- 16. Xia X, Xie Z (2001) DAMBE: Software package for data analysis in molecular biology and evolution. J Hered 92: 371–373.
- 17. Tamura K, Dudley J, Nei M, Kumar S (2007) MEGA4: Molecular Evolutionary Genetics Analysis (MEGA) software version 4.0. Mol Biol and Evol 24: 1596–1599.
- 18. Librado P, Rozas J (2009) DnaSP v5: a software for comprehensive analysis of DNA polymorphism data. Bioinformatics 25: 1451–1452.
- 19. Excoffier L, Laval G, Schneider S (2005) Arlequin (version 3.0): an integrated software package for population genetics data analysis. Evol Bioinform 1: 47–50.
- 20. Crawford NG (2010) Smogd: software for the measurement of genetic diversity. Mol Ecol Resour 10: 556–557.
- 21. Bandelt H, Forster P, Rohl A (1999) Median joining networks for inferring intraspecific phylogenies. Mol Biol Evol 16: 37–48.
- 22. Soulier-Perkins A (2000) A phylogenetic and geotectonic scenario to explain the biogeography of the Lophopidae (Hemiptera, Fulgoromorpha). Palaeogeogr Palaeocl 160(3–4): 239–254.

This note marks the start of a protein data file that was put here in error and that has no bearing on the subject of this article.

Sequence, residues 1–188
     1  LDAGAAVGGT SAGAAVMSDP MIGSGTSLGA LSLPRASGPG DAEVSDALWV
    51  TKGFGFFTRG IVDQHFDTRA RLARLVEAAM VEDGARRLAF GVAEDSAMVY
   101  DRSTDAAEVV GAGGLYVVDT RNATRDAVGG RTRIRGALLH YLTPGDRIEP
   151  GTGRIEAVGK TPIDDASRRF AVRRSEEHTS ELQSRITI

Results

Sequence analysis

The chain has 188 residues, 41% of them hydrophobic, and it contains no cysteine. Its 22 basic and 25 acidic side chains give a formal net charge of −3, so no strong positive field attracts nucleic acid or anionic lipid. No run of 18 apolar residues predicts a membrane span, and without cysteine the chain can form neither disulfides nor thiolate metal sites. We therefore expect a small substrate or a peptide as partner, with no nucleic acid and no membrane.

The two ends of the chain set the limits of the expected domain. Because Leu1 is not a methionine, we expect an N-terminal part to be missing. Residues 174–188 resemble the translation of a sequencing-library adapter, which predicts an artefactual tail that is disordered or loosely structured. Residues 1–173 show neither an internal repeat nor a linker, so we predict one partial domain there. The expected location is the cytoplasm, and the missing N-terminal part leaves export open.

- 23. Hartl DL, Clark AG (1997) Principles of Population Genetics, 3 ed. Sunderland: Sinauer Associates Press. 542 p.
- 24. South China Sea Institute of Oceanology (1978) Quaternary Littoral Geology of South China. Beijing: Science Press. pp. 15–54.
- 25. Moritz RFA, Kryger P, Koeniger G, Estoup A, Tingek S, et al. (1995) High degree of polyandry in Apis dorsata queens detected by DNA microsatellite variability. Behav Ecol Sociobiol 37: 357–363.
- 26. Oldroyd BP, Smolenski AJ, Cornuet JM, Wongsiri S, Estoup A, et al. (1996) Levels of polyandry and intracolonial genetic relationships in Apis dorsata (Hymenoptera Apidae). Ann Entomol Soc Am 89: 276–283.
- 27. Wattanachaiyingcharoen W, Oldroyd BP, Wongsiri S, Palmer K, Paar J (2003) A scientific note on the mating frequency of Apis dorsata. Apidologie 34: 85–86.
- 28. Segura JAL (2000) Highly polymorphic DNA markers in an Africanized honey bee population in Costa Rica. Genetics and Molecular Biology 23: 317–322.
- 29. Ross KG, Vargo EL, Keller L, Tragers JC (1993) Effect of a founder event on variation in the genetic sex-determining system of the fire ant Solenopsis invicta. Genetics 135: 843–854.